Post Tagged with: "Retirement Plan"

Top Options for Financial and Retirement Planning

coins in a jar labeled retirementThere was a time when people could make do with their Social Security checks and any pension plan their company has when they retire. That time has passed.

Rising costs for basic needs make financial and retirement planning necessary. Among the top options for you are IRAs, Roth IRAs, and 401(k)s. Here are the pros and cons to help you decide.

IRAs

The IRA or Individual Retirement Account is a good option if you have some money to put away and you want to be in control. You can choose where to put it, such as a bank or brokerage firm. You can also put in cash, stocks, or bonds. The good thing about IRAs is you pay taxes on your investments when you are ready to use the money. You can also add IRA contributions to your tax deductions if you don’t have a 401(k).

The problem is that the IRS limits your yearly contribution to just $5,500 if you’re not yet 50 years old. The limit rises to $6,500 once you hit 50 years old. You also pay a penalty if you take money out of the IRA before the age of 59.

Roth IRAs

A Roth IRA is a good option if you are young, you have some extra money, and you expect your income to rise. This is because your taxes will probably be higher when you get older. Putting money aside now while you pay lower taxes means you’ll have more money in the account by the time you retire. They are like regular IRAs except that you pay taxes on your contributions.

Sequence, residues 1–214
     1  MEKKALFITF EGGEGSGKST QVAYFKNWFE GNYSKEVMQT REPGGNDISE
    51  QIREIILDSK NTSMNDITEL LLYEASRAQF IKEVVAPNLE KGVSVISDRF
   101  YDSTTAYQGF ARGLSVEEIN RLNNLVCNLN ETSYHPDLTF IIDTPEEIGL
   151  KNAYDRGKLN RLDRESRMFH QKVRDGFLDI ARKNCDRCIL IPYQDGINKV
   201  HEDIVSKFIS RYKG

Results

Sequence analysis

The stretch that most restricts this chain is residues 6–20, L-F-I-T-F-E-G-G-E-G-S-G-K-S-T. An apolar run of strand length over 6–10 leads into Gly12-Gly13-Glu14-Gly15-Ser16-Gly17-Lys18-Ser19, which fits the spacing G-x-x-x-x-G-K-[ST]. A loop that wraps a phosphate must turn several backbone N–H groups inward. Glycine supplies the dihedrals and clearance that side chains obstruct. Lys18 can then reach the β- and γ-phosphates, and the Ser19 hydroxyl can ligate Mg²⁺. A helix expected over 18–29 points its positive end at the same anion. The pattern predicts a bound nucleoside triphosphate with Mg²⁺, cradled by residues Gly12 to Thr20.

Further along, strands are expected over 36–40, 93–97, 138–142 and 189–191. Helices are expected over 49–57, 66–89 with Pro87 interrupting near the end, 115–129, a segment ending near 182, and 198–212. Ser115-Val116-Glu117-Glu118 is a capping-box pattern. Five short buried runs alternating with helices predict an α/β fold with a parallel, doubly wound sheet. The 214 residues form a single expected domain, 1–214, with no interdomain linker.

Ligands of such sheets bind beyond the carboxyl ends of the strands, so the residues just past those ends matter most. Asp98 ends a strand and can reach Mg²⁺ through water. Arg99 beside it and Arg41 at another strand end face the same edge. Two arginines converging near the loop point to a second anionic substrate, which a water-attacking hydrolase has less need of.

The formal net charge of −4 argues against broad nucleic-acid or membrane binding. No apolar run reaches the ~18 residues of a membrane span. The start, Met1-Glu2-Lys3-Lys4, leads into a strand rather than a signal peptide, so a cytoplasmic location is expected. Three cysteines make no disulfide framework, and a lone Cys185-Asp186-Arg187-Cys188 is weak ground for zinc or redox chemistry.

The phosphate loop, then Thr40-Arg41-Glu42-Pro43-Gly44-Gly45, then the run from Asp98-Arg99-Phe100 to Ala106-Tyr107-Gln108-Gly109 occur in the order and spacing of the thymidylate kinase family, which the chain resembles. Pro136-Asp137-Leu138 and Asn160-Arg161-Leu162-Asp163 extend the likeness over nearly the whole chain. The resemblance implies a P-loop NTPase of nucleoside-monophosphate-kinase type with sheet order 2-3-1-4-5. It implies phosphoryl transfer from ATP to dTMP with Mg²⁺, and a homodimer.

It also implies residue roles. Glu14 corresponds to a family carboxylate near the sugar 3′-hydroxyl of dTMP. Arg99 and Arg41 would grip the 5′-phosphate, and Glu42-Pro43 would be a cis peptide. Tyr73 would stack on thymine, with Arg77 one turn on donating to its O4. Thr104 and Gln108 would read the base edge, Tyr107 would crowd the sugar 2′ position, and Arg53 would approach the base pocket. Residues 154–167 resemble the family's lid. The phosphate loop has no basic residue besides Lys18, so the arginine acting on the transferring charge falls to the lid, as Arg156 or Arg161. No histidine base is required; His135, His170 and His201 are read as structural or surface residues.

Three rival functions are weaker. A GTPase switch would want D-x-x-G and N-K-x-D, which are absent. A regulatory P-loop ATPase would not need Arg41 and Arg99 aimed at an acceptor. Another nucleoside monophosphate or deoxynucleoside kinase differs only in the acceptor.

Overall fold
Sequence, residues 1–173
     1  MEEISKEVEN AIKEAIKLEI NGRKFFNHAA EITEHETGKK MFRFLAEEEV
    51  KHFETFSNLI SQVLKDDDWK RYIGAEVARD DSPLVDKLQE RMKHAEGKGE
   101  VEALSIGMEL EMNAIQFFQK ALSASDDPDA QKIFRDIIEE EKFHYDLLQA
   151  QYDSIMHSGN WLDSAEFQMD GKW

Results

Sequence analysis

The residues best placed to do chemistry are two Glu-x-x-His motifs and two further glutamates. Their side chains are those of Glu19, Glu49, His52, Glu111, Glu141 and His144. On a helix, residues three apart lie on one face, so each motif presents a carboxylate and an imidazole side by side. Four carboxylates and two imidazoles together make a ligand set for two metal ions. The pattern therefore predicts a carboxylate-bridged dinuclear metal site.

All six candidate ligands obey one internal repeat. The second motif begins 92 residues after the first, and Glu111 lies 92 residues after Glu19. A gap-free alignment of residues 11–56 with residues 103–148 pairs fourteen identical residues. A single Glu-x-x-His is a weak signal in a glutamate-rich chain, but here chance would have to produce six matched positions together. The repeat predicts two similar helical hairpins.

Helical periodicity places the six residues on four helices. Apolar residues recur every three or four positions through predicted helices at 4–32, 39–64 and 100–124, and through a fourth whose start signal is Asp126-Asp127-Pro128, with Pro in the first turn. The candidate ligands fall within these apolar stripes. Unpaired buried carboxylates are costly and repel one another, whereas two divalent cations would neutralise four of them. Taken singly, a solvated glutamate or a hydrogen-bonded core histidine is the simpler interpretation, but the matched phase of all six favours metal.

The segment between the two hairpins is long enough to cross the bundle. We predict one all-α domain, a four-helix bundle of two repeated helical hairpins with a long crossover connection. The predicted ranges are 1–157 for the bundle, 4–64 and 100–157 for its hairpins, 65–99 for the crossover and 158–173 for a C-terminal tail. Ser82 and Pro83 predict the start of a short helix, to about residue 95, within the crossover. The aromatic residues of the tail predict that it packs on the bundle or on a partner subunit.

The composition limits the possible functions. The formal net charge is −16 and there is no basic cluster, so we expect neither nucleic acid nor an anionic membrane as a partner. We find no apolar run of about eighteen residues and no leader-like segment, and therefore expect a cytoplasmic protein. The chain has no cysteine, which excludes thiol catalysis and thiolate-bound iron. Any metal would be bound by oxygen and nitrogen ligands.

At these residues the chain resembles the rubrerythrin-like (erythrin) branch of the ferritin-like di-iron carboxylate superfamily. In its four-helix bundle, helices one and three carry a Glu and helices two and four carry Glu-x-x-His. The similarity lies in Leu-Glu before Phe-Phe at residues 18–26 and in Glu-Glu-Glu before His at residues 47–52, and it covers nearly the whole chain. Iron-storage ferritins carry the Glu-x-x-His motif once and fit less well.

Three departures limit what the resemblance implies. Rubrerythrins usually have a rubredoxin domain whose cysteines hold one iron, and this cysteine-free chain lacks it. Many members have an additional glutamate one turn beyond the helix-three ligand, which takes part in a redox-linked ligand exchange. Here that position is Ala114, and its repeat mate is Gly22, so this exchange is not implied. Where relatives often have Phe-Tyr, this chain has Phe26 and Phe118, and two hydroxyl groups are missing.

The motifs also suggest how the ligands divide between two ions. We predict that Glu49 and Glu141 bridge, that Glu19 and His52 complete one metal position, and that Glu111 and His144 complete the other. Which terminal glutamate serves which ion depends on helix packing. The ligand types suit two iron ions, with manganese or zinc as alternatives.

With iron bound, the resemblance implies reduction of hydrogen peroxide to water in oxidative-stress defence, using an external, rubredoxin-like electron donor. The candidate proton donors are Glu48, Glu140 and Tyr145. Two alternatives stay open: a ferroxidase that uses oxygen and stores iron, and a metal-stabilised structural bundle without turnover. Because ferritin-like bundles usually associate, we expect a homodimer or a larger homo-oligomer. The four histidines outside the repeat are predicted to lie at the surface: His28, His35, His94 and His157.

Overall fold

However, you do not have to pay taxes when you use the money after retirement age. The good thing about a Roth IRA is you can withdraw money from the account at any time without penalty. The bad thing is you have the same limits as a regular IRA in terms of the amount you can contribute to an account.

401(k)s

A 401(k) is a retirement plan sponsored by your employer. They deduct your contributions from your pay automatically. You can contribute up to $18,500 a year ($24,500 if you are over 50) to an account. Whatever you contribute is exempt from taxes, although you do pay taxes when you withdraw the money. The employer may also choose to match your contributions, so this is free money.

The problem is you do not get to choose where to invest the money. The employer might also require that you stay with the company for a set number of years before they can get the employer contributions. The fees for managing a 401(k) plan can be high as well.

Choosing the right plan will depend on many factors. The top options are generally sound, but it will still depend on your situation. Consult with a financial expert to get some pieces of advice on financial and retirement planning.

March 22, 2018 at 9:30 amFinance